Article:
Truthfully ask yourself why a high rate of "no" responses are coming your way. Be willing to make changes. Perseverance is a trait of successful freelancers of any type.

PLEASE YOUR NEW CLIENTS

Thereís more to "yes" than landing a gig. What you do after receiving a job is to grow your clientís happiness. Thatís what keeps them returning for more.
"Sometimes I feel my whole life has been one big rejection.Ē - Marilyn Monroe
Keep on top of communication with your new client:
  • Respond to their email and phone calls in a timely manner.
  • Ask questions when in doubt about something in their script.
  • Be interested in their project.
  • Meet their deadlines.
  • Or better yet, deliver early.
  • Be willing to do what it takes to keep them, within reason of course.
  • And, follow up with them after delivery of your audio files to make sure they have everything they need.
  • Avoid reasons for their rejection.
TOUGH FOR PRODUCERS
 
Put yourself in the seat of the producer who listens to dozens of auditions, trying to find the sound thatíll match their project. Itís hard.
"You get used to the rejection and you donít take it personally.Ē - Daniel Craig
Making a choice is difficult when considering several equally talented people. And, nobody enjoys the process of telling everybody else theyíve made a decision thatís favoring another person.

When youíve been told another talent has been selected for the project, be gracious and thank the producer for their time. Remember, this isnít about you.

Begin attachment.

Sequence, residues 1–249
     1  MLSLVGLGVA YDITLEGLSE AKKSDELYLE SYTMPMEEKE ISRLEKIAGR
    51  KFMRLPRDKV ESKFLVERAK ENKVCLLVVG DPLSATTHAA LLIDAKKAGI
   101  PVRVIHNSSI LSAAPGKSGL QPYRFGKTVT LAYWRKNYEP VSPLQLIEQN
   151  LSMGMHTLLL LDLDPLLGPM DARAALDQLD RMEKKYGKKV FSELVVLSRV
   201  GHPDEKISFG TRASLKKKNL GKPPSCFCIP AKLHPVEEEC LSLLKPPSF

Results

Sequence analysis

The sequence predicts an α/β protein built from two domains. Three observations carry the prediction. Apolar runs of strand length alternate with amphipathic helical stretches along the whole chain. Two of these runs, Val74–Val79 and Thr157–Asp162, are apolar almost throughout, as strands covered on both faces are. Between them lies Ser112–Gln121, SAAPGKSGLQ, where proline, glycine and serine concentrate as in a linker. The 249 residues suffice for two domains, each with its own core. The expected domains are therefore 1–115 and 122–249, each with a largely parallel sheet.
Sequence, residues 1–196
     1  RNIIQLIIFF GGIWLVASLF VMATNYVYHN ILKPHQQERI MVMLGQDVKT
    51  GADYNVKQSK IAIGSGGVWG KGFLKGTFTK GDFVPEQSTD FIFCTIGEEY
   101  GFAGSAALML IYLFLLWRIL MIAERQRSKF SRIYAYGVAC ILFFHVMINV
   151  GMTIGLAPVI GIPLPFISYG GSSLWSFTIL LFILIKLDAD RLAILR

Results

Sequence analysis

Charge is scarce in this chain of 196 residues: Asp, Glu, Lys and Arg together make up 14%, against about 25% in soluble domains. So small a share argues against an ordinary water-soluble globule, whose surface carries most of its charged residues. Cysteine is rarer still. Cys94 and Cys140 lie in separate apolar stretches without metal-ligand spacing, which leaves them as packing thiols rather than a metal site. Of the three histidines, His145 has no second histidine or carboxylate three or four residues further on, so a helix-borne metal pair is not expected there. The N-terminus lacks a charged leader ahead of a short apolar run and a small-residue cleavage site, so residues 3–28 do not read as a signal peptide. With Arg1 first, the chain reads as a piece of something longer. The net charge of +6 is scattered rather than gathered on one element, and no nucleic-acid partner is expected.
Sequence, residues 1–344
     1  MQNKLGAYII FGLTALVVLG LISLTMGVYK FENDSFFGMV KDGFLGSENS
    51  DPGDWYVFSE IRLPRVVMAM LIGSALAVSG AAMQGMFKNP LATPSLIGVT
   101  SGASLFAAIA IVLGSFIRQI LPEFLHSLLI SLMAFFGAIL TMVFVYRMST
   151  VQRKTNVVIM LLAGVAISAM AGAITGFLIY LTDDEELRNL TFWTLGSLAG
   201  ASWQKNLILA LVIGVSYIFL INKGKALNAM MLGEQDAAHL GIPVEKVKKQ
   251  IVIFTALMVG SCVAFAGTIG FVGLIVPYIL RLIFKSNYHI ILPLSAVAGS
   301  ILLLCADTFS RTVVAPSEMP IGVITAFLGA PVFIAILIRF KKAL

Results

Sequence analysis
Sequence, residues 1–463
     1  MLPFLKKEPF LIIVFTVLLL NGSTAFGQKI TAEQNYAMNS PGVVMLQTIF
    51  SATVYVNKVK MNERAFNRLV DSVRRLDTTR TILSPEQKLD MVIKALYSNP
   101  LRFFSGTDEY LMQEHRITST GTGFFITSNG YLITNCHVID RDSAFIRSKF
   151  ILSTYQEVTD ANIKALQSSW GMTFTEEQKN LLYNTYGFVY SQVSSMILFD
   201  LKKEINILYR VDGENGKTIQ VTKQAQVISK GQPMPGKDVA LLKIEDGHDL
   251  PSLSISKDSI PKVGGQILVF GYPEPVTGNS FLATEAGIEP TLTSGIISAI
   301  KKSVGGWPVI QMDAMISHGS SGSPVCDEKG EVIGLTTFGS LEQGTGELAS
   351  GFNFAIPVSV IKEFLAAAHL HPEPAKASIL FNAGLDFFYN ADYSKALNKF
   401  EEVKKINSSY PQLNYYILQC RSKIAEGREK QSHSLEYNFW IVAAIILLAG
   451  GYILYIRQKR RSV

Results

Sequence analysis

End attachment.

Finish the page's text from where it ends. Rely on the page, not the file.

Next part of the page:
Most often youíll not hear back when youíre not the one selected. And if youíre told theyíll keep you in mind for other projects, donít consider it as lip service. Iíve had clients reach out to me for subsequent projects when I was the best fit.

Have a thin skin? Make an effort to build one thicker and resilient.

And, keep in mind, you can do everything right and still not get booked. Detach and move forward.

WHAT TO REMEMBER ...


Rejection is not about you. Many things will influence a personís decision not to book you for the job. These are out of your control.

You donít have an exclusive membership to Club Rejection. Most everyone who freelances has heard "no."

Make an effort to prevent rejection by existing clients. After being booked for a job, deliver on customer service and do what it takes to create a repeat client.
-------------------------------------
ABOUT J. CHRISTOPER
J. Christopher Dunn is a professional voice actor who lives in the Pacific Northwest close to Seattle. He voices commercials, web demos, podcasts, product demonstrations, telephony projects and documentaries. His voice is described as friendly, warm and trustworthy - the guy next door or the voice of high profile corporate presentations. He also spends time with the Penn Cove Players, a Whidbey Island, WA troupe that performs original audio dramas, as we all as recreates old time radio shows in front of a live studio audience.


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Comments (4)
John Lesser
2/3/2016 at 9:06 AM
Chris's comments in his recent article truly resonated with me...still rejection is hard to take. Like any artist, rejection is personal. However, over the years I have learned one thing that helps me with rejection. Do your very best in the audition then forget it, move on. That would be my advice. At least it works for me.
J. Valentino
1/29/2016 at 5:24 PM
This is a really good, helpful, well written article. Print it out and put it in the sound booth.
BILL NEVITT
1/28/2016 at 3:24 PM
Thank you for the article, Christopher. Agree, it's selection, NOT rejection. Often times, we performing artists will do EVERYTHING correctly and not be rewarded for it; doesn't mean we should stop. Stopping guarantees failure.
Hugh
1/28/2016 at 3:13 PM
Excellent article, especially for a new talent like me. Thanks!